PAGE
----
The Unknown Charles Lindbergh

By Kreiter, Ted | The Saturday Evening Post, September/October 2000 | Go to article overview
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The Unknown Charles Lindbergh

Kreiter, Ted, The Saturday Evening Post

Pulitzer Prize-winning author A. Scott Berg sheds greater light on one of America's most celebrated (and least understood) heroes.


by A. Scott Berg

628 pages, Berkeley Books, $16.00

His father was a U.S. Congressman. As a boy he amused himself by locking the toilet-room doors of the Capitol building from the inside and by dropping light bulbs from the top floor of the House Office Building onto the street below. A solitary person, he had no close friends at school, nor any girlfriend. He flunked out of college in Madison, Wisconsin, then turned to flying, barnstorming, and parachute jumping for a living. At age 25, on May 20, 1927, after months of preparation, he climbed into a singleengine plane with no brakes and took off for Paris 3,600 miles across the Atlantic.

A few days later, Charles A. Lindbergh had become the most celebrated man on earth-and was greatly embarrassed about it. When the orchestra at the Champs Elysees Theater struck up The Star Spangled Banner and everybody rose and cheered, the "poor kid was so embarrassed, he blushed scarlet," one woman observed. When French girls lunged through the crowds attempting to kiss the young aviator, he was "scared to death," the American ambassador noted, and when the Paris Aero-Club offered Lindbergh a gift of 150,000 francs (almost $6,000), he declined, asking that the money go instead to benefit families of French aviators who had laid down their lives.

These details and many more from A. Scott Berg's definitive biography, Lindbergh, bring us closer than ever before to understanding the 20th century's least-understood hero. With access to Lindbergh family diaries and records, Berg supplies heretofore unknown details that may help illuminate Lindbergh's actions and motives. How could the young man-referred to by Winston Chruchill as ". . . all that a man should say, all that a man should do, and all that a man should be"-within only 15 years become one of the most unpopular men in America, cast in the minds of millions as a defeatist and a Nazi sympathizer?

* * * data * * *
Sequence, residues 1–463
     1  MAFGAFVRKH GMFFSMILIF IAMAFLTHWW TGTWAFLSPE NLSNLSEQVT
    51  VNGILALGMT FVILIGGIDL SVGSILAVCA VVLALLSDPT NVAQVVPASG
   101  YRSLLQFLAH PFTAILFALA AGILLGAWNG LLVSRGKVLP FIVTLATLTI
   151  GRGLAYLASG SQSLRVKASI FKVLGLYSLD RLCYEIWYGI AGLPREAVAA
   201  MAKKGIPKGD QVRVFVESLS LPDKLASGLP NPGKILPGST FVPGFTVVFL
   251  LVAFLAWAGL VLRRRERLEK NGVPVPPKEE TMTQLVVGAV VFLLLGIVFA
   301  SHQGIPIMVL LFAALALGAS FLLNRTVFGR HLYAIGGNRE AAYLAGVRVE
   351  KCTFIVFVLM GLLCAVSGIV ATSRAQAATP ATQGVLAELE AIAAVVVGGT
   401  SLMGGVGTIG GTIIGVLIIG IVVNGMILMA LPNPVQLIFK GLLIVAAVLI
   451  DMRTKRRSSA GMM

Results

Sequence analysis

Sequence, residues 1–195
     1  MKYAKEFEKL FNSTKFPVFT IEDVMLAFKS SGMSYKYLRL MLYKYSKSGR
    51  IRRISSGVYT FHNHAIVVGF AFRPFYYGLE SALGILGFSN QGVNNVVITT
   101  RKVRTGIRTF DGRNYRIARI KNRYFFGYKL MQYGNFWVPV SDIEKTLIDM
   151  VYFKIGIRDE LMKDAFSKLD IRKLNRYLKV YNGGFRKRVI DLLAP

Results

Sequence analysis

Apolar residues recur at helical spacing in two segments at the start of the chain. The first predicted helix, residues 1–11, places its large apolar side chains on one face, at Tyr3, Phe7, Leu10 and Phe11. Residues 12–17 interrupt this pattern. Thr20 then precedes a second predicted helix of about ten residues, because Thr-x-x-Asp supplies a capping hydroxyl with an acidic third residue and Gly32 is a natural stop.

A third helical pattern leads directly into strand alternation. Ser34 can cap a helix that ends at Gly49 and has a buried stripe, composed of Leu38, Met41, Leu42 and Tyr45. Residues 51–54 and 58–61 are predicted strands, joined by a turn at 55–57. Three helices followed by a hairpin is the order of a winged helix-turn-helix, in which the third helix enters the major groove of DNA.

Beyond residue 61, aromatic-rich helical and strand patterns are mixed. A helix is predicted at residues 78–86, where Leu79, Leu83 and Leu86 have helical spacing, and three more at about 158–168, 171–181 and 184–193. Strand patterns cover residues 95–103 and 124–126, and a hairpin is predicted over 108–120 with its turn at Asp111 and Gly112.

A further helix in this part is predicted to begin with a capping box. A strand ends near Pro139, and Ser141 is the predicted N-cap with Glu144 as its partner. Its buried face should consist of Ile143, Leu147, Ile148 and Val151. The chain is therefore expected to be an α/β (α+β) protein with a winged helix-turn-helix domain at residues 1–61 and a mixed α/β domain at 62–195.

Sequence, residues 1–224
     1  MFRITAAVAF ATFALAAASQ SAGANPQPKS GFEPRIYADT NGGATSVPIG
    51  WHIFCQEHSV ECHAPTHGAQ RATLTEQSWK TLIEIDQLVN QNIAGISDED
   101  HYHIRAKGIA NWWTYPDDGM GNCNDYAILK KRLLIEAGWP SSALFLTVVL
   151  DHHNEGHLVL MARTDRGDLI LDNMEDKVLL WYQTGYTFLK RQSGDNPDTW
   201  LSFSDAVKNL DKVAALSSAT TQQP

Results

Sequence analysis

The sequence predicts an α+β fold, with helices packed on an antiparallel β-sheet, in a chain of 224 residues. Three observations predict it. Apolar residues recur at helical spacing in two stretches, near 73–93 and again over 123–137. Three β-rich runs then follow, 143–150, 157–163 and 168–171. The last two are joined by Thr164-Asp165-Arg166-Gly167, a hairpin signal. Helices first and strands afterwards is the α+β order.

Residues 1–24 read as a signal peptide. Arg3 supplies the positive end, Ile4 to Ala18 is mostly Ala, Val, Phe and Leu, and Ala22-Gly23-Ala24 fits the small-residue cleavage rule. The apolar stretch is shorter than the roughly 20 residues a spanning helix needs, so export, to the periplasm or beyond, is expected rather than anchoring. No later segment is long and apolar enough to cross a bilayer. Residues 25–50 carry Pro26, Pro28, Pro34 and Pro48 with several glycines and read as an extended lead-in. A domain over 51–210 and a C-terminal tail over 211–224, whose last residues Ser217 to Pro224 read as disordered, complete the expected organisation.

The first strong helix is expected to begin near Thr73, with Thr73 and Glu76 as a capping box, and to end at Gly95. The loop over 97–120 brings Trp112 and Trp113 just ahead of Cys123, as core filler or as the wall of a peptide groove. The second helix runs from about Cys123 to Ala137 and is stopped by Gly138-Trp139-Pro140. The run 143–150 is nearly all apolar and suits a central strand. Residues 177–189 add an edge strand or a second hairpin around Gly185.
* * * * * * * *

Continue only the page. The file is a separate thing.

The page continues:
Part of the answer lies in Lindbergh's treatment by the press. His first rude awakening about the media came with the New York Times' account of his famous flight. He was "shocked and disappointed" to see that his description given to a journalist had been transformed into a first-person article that was "neither accurate nor in accord with my character and viewpoint."

The press coverage was only to get worse. And Lindbergh became a victim of it, as well as of his own sometimes intransigent convictions.

Lindbergh's visits to Nazi Germany before World War II (actually at the behest of the U.S. government) aroused suspicion, especially when Lindbergh failed to speak out against some of Germany's actions. Having a medal pinned on him by Nazi party leader Hermann Goring didn't help, either.

Soon Walter Winchell was twisting comments made by Joseph P. Kennedy to indicate that Lindbergh's report on the state of German aviation had been a final factor in Neville Chamberlain's disasterous appeasement policy at Munich.

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